Ruth Lewart (President 1990-1992)Cass was co-president the first year. We won a contested (yes, contested) election! When two newcomers announced they were seeking the presidency, John Cammarata, who contributed in so many ways to BCUG in those years, quickly recruited Cass and me, both long time members, to run against the "unknowns." We had about 56 members at the time, so as I was about to retire, thought it would be a manageable job. Cass also agreed. By the time I stepped down, we had well over 300 members, and I wasn’t so sure about it being a manageable job.
Shirley Estelle, one of our two "newbie" opponents, came on the Board, and lobbied for a regular, monthly newsletter. Fred Kagel, president previously, had long put out an informative newsletter, but not on a regular schedule. Shirley won. I think the monthly newsletter contributed a lot to the surge in membership. She became the editor. The early editions looked quite amateur, as dot matrix printers were what we all used. Shirley, to my horror, used cut and paste to insert all the clips that she had assembled, but the software to insert graphics hardly existed, and decent scanners weren’t affordable, so she had little choice. But the 10-page newspaper came out regularly, in advance of the monthly meetings. We had a logo contest some time later, and the winning entry was a text-only entry by Sally Zegarelli, presumably done in a DOS version of WordPerfect (that’s an insiders joke, as Sally didn’t believe in graphics or Windows.) I don’t recall the time frame, but Margot Sinnott (still a member today) contributed a picture of a bee – a rather crude bee had been a mascot already in the TRS-80 days, when the Club was named BUG80. George Somers, a founder and first president of BUG80 had designed it. Shirley asked me to connect the new bee (Margot’s) with a chip. Without benefit of Photoshop, the bee and chip (which I scanned) became the pair that adorn our newsletter today. The bee flourished, while Sally’s logo disappeared from the Masthead.
We had no workshops then, in spite of Shirley’s urging – probably I didn’t pursue the idea aggressively enough. But to compensate, we had terrific attendance at General Meetings. There are about 125 seats in NAS 100 (later we moved to the Forums), and sometimes almost all were filled. More times than I care to recall, the presenters didn’t show. The members didn’t seem to mind. Our meetings went on until at least 11 PM! The format was very similar to ours today. The auction was a big deal, because we had plenty of software coming in all the time – you only had to ask. Our display equipment was primitive, but nobody ever complained about keystoning or a fuzzy image – we were lucky if we got an image that didn’t swallow some colors. And we had an auctioneer extrordinaire, Stu Haber, who could have auctioned off the Brooklyn Bridge. We were accused of not being social enough, but our members eschewed dinners, sweatshirts/teeshirts with logos, and almost anything that would make us look like a cohesive group. John Cammarata proposed we have name tags, but I ended up with the job of producing and "managing" them. We had a huge canvas sheet, to which the name tags, in alphabetical order, were pinned. When a member entered the room, he got his or her name tag. At the end of the evening, the tags were dumped into a box. I then took these home, spread the canvas over a bed, and reattached all the name tags in alphabetical order. I don’t know if the effort was cost effective, but members liked the name tags, so I kept it up.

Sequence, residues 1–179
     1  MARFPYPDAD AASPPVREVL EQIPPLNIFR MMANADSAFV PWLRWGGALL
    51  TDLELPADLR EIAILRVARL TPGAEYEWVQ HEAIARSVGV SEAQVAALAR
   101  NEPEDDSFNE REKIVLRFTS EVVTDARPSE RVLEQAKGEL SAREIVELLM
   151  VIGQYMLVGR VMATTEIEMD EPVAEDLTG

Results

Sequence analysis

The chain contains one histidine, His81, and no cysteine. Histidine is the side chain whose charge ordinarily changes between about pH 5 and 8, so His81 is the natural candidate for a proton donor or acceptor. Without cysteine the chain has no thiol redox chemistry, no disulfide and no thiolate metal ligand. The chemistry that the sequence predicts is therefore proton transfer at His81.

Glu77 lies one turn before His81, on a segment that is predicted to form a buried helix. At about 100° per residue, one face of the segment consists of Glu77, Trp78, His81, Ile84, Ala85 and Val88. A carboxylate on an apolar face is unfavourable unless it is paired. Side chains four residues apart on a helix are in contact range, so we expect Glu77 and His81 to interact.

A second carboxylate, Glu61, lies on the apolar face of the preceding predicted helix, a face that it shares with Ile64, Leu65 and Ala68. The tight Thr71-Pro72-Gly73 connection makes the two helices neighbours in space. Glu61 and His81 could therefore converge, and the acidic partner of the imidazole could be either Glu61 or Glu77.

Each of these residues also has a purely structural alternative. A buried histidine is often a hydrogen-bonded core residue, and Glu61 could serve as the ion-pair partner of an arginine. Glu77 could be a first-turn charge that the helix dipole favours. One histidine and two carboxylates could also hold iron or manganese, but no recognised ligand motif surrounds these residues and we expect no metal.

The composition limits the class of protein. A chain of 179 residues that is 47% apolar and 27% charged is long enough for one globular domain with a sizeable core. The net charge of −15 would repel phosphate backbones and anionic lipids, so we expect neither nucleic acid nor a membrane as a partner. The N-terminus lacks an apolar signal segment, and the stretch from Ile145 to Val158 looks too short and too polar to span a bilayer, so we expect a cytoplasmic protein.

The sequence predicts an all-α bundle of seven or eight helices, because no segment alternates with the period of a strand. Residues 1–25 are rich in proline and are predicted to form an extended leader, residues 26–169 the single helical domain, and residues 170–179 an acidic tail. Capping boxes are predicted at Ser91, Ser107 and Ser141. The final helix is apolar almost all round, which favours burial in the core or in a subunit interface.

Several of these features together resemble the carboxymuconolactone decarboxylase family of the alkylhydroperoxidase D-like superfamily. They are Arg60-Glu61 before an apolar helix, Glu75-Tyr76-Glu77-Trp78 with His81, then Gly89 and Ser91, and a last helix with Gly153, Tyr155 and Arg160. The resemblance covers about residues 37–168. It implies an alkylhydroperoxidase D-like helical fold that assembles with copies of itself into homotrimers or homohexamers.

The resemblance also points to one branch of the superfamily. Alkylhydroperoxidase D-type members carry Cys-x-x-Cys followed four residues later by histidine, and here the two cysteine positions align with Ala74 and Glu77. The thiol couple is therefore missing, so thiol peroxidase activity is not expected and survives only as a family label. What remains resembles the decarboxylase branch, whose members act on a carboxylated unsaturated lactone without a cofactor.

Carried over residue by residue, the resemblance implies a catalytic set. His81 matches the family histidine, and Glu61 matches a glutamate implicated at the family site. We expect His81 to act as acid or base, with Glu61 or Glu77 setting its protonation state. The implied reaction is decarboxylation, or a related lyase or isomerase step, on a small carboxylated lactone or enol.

We started participating at the Computer Shows during this period. And we had our first flea market, chaired by Al Brown, at a Ken Gordon Show. He donated two tables. A lot of members staffed the tables – we were very busy, lots of customers. All of us had a ball. We also turned a nice profit. We sold old Apple computers that we thought wouldn’t move. But customers were hungry for everything computer-related in those days, so we moved lots of merchandise.
What were members interested in? A late 1993 survey, analyzed by Irv Leveson, showed WordPerfect just edging out Word; Excel just edging out Lotus and Quattro Pro; PC Tools just beating Norton. Members wanted more Random Access and additional meetings; both a videotape and CD-ROM library; and the BBS wasn’t used.
(Possibly more as I recall other trends)
Some of the members I’ve mentioned, and who contributed so much to BCUG, are, sadly no longer with us. But if you scan the membership list there are many that date back at least to the time I served, and will remember (or probably improve on) my memories.